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Growth Anemia: Blame a Collapse in Business Investment

The opinions expressed by columnists are their own and do not necessarily represent the views of

Editor’s note: This column was co-authored by Stephen Moore.

GDP for the first quarter of 2016 came in at a paltry one-half of one-percent. That sorry showing follows growth of 1.4 percent and 2 percent in the previous two quarters. If such a thing is possible, the already anemic economy is actually getting worse.

But even worse than that, the latest GDP numbers reveal a collapse in business investment, the real driver of the economy.

When businesses don’t spend and invest, they don’t hire and cannot offer better-paying jobs. Business investment and wages are two sides of the same mirror. If a company purchases five trucks rather than ten, there are five fewer trucking jobs. If employers don’t invest in more computers, there are fewer programming jobs. If businesses don’t purchase more jackhammers and cranes, fewer construction workers are hired.

Business investment hasn’t grown for two years. Over the past two quarters, total business fixed investment has fallen by an annualized average of 4 percent. Business equipment and software has dropped by more than 5 percent. Non-residential structures -- like commercial office space, shopping malls, factories, and hotels -- have dropped by nearly 8 percent.

But let’s go further back. For the entire 32-quarter economic recovery, business fixed investment has averaged just 1.1 percent at an annual rate. Since 1960, however, business fixed investment has averaged 4.4 percent at an annual rate. So the present expansion in business investment is roughly one-quarter of the 55-year average.

Why? One key factor is tax policy, especially business tax policy.

At 40 percent for combined federal and state business tax rates, the U.S. has the largest corporate tax burden in the developed world. We double-tax corporate profits earned overseas, as virtually no other country does. Our depreciation rates for investment tax expensing are among the worst in the world. And despite all the talk about corporate tax reform, nothing gets done -- even under a Republican Congress.

What’s more, the Obama administration has raised tax rates on capital gains, dividends, and income (paid by small-business pass-throughs). So, as the tax cost of capital has gone up, business investment has come down.

Arthur Laffer has taught us that “if you tax something, you get less of it.” That’s why firms are moving offshore in droves. It’s not about being unpatriotic. It’s that it doesn’t pay, after-tax, to invest in the United States.

A second key reason for the business-investment slump is monetary policy. While this may not be the right time for rate hikes, ultra-low interest rates have led to financial engineering rather than the deployment of excess corporate cash for productivity-enhancing investment.

Rather than invest in job-creation and higher wages, firms are buying back stocks to boost price-earnings ratios. In many cases, they are even borrowing money they don’t need to buy back stocks.

A third key reason for the business-investment collapse is over-regulation. Obamacare rules and mandates are job-killers. Dodd-Frank red-tape costs have held back lending to such an extent that business start-ups have practically come to a halt. And community banks have drastically pulled back loans to existing small businesses.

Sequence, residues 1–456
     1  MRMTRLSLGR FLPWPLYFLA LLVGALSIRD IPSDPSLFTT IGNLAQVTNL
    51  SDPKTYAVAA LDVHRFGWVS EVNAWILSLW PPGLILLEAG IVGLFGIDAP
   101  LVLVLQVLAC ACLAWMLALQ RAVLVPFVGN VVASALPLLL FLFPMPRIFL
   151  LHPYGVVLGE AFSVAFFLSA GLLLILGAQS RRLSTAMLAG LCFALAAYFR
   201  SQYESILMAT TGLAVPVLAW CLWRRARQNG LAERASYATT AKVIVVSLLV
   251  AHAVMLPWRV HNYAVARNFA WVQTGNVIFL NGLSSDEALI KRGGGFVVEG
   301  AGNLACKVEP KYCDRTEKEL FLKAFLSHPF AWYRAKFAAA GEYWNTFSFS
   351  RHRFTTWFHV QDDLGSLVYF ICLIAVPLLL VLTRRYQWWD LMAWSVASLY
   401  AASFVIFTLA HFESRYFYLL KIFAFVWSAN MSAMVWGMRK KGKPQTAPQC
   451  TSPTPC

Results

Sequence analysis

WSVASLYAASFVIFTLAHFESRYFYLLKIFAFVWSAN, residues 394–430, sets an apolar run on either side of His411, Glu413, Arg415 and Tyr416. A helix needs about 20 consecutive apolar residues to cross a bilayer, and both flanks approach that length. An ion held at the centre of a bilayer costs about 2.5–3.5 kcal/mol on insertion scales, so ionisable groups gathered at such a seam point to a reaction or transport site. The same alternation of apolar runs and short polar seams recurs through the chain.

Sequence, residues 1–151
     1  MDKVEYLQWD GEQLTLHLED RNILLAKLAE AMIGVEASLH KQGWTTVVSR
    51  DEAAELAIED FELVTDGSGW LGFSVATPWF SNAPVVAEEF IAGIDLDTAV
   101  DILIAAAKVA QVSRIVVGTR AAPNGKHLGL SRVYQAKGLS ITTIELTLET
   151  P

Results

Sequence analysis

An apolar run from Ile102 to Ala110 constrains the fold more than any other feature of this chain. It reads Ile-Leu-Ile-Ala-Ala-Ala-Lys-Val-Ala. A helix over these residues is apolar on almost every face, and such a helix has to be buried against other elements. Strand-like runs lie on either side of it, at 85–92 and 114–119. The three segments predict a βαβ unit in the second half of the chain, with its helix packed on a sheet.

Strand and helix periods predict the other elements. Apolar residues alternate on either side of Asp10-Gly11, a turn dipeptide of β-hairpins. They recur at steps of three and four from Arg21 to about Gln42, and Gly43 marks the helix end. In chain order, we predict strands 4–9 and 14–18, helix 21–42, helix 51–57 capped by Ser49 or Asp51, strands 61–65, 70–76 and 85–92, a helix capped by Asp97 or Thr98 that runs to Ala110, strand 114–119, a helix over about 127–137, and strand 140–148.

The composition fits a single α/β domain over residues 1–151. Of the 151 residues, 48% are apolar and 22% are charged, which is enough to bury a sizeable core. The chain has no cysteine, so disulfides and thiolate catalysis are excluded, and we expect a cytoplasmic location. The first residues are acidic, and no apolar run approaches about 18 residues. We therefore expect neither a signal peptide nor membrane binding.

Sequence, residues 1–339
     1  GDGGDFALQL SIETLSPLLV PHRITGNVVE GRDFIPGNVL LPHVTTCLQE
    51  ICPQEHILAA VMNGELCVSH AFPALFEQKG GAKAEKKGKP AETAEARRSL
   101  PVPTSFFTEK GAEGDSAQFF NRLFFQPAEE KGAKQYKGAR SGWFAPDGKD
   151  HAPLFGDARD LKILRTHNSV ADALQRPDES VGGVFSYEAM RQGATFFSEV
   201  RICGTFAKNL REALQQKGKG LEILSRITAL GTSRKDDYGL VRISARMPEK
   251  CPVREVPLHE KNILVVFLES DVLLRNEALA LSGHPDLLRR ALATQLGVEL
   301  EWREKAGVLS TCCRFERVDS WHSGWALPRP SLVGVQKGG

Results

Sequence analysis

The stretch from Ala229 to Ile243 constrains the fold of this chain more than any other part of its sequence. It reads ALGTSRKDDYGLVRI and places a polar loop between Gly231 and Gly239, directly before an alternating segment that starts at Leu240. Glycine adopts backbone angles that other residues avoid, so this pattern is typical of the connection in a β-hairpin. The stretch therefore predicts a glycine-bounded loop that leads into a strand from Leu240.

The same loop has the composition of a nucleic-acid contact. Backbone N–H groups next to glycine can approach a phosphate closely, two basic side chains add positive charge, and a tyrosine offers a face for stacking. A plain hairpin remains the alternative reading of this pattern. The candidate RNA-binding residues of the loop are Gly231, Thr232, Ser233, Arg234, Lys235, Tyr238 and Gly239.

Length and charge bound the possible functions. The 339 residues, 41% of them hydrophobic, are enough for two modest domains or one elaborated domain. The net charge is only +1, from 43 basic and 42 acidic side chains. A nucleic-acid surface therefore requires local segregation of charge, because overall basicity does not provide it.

Then we have the Obama EPA’s new rules, which amount to a war on fossil fuel. The president pushes for climate-change regulations instead of a massive build-out of energy infrastructure, including pipelines, liquid-natural-gas terminals, and new refineries.

Want more manufacturing? The energy business, and the potential for North American energy independence, is the key. Hillary Clinton, and her promise to end oil and gas fracking, will pull us further in the wrong direction.

Many people do not to understand that business investment is a critical prosperity-booster, leading to more jobs, higher wages, and stronger family income. Put another way, rising tax and regulatory burdens that penalize investors and businesses also punish middle-income wage earners.

And it’s these wage earners who would benefit most from business tax reforms, such as a 15 percent corporate rate for large C-corps and small S-corps. This should be accompanied by immediate tax-deduction expensing for new investment and a territorial tax regime that would stop double-taxing profits earned abroad.

Study after study shows that corporate tax reform is a middle-class tax cut, not a tax cut for the rich. You see, corporations don’t really pay taxes. They simply collect them and pass the cost along in the form of lower wages and benefits, higher consumer prices, and reduced shareholder value.

The overarching theme of this election is an angry revolt by the middle class over the fact that jobs and wages have barely increased in the past decade. They blame Washington, China, immigration, power elites, and almost everything else. So be it. There is a lot of work to be done on all these fronts. But without radical tax, regulatory, and currency reform, business investment will never fully recover.

And neither will the economy.

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